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One Last Time -- Please Call Atlantis for a Voice Check
08.01.11
 
Space shuttle landing at night

Space shuttle Atlantis lands for the final time at NASA's Kennedy Space Center on July 21, 2011. Image Credit: NASA

"Houston: Atlantis, ISS, this is Houston. Are you ready for the event on space-to-ground-one?
Walheim: We are ready for the event.
Houston: Atlantis, ISS. This is Houston ACR. Please stand by for the NASA Summer of Innovation questions for students."

With those words, the last education space shuttle downlink began.

NASA education downlinks are the ultimate "ask-the-experts" experience. Over the years, thousands of students have talked with astronauts on board the space shuttle and learned about living and working in space. The shuttle downlink experience came to an end with the final flight of space shuttle Atlantis. On July 17, 2011, STS-135 astronauts Doug Hurley and Rex Walheim answered the last set of questions from students during a NASA education space shuttle downlink.

Students asked how it felt to be on the last shuttle launch, if spacesuits are itchy, how air is restored to the airlocks during spacewalks and how many pieces of space trash are out there. They wanted to know about future NASA missions and how it felt to blast off from Earth. They also asked questions about whether the astronauts could send text messages or emails, watch TV, or listen to music in space. Students were interested in microgravity, sleeping in space and who picked the astronauts for the missions.

Mission Specialist Rex Walheim, with Pilot Doug Hurley at his left, holds a microphone and space food packet

Atlantis Mission Specialist Rex Walheim and Pilot Doug Hurley show space food while answering a question from a student. Image Credit: NASA

And, of course, they asked about space food. Hurley and Walheim just happened to have their pockets stuffed with food items, and they showed the students packets of scrambled eggs, spaghetti and candy-covered chocolate. They also showed pouches with strawberry drink and vanilla pudding.

After 17 minutes and 41 seconds, the session ended, and mission control signed off and returned to operational audio communications.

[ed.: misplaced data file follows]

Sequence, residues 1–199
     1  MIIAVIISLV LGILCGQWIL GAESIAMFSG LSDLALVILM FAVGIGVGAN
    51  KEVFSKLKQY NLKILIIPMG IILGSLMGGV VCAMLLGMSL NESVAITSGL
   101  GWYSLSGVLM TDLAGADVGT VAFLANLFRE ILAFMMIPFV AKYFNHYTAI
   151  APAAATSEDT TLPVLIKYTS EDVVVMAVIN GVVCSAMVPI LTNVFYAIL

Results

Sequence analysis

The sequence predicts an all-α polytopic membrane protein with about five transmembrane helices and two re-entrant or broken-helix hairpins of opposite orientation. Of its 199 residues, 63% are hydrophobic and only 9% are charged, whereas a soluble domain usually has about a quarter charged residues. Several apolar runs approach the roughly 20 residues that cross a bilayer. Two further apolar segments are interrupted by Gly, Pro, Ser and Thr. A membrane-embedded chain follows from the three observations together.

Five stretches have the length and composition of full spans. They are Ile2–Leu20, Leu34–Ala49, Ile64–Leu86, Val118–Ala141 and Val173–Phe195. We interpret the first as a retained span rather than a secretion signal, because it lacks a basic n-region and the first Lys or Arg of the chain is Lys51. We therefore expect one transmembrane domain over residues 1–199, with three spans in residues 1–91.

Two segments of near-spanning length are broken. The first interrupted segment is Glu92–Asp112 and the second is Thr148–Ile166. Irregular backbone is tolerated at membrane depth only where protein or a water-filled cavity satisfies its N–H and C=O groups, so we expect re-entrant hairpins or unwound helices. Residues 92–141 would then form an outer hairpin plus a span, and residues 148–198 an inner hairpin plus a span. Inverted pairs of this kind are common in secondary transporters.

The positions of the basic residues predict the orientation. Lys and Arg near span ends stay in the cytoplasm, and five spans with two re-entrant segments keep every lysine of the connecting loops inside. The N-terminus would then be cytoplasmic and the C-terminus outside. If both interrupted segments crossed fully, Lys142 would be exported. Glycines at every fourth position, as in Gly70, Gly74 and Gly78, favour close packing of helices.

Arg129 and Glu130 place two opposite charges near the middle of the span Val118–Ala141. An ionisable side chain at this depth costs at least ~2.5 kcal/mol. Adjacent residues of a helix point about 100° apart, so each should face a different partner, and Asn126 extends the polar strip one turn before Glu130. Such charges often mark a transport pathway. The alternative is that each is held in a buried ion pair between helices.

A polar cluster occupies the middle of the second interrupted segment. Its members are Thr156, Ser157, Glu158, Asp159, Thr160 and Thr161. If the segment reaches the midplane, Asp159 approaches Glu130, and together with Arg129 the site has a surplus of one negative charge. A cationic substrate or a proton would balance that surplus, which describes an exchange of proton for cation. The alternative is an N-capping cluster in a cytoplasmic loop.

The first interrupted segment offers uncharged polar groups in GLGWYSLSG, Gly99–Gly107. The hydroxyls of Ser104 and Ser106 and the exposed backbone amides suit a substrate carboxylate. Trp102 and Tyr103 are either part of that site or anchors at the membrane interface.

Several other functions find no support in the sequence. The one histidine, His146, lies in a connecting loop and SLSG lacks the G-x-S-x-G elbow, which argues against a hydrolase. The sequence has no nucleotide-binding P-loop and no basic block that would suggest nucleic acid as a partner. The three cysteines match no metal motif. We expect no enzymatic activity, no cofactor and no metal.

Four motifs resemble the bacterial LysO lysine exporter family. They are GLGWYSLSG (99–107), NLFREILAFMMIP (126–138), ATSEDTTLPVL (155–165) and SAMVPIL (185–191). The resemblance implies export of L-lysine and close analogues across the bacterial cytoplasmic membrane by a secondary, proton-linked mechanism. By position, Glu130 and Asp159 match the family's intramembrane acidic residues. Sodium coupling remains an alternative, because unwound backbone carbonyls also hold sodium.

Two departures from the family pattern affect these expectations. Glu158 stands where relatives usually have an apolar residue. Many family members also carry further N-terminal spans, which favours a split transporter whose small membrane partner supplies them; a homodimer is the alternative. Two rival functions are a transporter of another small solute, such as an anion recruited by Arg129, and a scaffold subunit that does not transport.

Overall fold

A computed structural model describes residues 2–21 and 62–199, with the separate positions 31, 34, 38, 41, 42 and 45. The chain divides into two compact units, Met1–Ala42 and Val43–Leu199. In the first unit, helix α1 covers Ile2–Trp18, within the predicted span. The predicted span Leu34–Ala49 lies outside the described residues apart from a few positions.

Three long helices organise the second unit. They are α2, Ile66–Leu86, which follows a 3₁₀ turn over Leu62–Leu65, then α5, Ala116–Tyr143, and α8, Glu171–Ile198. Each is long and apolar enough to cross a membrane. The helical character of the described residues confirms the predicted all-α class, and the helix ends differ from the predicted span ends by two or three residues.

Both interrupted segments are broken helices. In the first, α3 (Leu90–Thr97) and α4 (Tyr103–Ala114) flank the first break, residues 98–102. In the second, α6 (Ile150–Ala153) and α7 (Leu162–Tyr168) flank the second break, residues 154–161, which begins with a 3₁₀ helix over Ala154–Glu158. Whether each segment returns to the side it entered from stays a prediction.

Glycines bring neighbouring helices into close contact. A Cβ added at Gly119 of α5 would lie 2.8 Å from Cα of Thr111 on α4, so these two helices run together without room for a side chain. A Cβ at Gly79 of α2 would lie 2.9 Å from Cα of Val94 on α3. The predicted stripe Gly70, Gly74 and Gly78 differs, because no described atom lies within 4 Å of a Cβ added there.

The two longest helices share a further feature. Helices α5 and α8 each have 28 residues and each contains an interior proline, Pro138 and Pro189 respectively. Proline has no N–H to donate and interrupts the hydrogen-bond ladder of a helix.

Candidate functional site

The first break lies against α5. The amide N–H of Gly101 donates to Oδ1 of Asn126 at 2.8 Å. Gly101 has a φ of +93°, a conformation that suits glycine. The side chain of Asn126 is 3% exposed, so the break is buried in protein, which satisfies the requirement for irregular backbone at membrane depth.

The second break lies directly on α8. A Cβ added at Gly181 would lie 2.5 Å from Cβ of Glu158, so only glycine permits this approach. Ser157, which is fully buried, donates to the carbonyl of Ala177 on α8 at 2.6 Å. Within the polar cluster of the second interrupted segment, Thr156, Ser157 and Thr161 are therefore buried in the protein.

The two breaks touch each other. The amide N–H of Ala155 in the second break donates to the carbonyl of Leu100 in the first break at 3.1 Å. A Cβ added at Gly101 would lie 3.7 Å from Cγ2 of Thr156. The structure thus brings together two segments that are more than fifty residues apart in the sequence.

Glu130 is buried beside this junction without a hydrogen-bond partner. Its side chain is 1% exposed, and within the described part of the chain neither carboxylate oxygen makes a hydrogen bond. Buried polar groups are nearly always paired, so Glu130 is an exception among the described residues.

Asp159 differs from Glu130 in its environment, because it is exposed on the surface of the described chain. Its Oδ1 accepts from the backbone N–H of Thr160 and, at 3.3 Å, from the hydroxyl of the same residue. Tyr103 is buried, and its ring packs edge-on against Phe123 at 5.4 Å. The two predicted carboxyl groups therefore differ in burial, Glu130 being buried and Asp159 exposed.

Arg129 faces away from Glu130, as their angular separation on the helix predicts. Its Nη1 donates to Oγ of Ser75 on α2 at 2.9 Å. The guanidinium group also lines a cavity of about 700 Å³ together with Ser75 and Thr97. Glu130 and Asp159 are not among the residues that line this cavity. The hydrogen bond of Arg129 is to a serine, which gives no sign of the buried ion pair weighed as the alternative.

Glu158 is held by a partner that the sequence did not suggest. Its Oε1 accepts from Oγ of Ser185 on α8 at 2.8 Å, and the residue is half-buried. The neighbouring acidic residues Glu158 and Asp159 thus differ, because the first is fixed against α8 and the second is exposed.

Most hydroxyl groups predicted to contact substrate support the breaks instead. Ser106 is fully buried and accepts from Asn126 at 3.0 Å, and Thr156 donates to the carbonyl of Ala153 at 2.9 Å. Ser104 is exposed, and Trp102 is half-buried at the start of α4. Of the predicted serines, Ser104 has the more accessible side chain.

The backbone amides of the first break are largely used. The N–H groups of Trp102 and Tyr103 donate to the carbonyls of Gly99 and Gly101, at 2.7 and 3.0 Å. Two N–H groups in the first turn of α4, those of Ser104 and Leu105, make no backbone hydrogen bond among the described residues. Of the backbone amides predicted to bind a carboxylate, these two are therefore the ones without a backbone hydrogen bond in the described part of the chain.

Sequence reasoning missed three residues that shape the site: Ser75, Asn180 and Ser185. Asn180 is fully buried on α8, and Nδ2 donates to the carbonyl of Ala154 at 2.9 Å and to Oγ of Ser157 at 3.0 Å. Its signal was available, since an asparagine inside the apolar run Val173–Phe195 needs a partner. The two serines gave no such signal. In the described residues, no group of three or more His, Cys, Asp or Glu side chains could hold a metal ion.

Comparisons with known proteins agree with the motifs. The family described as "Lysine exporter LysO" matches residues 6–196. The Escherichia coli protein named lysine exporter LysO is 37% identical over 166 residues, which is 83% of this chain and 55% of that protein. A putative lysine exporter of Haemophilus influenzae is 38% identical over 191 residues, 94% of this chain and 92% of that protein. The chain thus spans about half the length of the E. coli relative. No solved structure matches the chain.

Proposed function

"Houston: Atlantis, ISS. This is Houston ACR. Thank you. That concludes the event.
Hurley: Thanks a lot.
Houston: Thank you, Atlantis, ISS, and NASA Summer of Innovation students. Atlantis, ISS, we are now resuming operational audio communications."

Education specialists in the Teaching From Space Office located at NASA's Johnson Space Center in Houston, Texas, worked with the astronauts to facilitate the space shuttle education downlinks. Through the years, questions that were asked during these live events resulted from competitions, drawings, essay contests, social media and many other types of creative methods that the participating schools or educational institutions could think of. Educators, students, school administrators, museum staff members, television stations, news representatives and even politicians have been involved in the downlinks. It was not unusual for whole communities to be on hand for a chance to see and hear the astronauts. All it took to make these magical events happen were two phone lines and the ability to receive NASA Television.

Astronaut Dottie Metcalf-Lindenburger on the space shuttle with a silver pouch floating in front of her

Astronaut Dottie Metcalf-Lindenburger talked with students when she was on the space shuttle during STS-131. Image Credit: NASA

"Learning about how space impacts the human body and scientific principles sparks student curiosity," said Cindy McArthur, Teaching From Space project manager. "Microgravity is a unique research environment, and hearing directly from astronauts who live and work in it helps inspire students to study STEM (science, technology, engineering and mathematics) disciplines."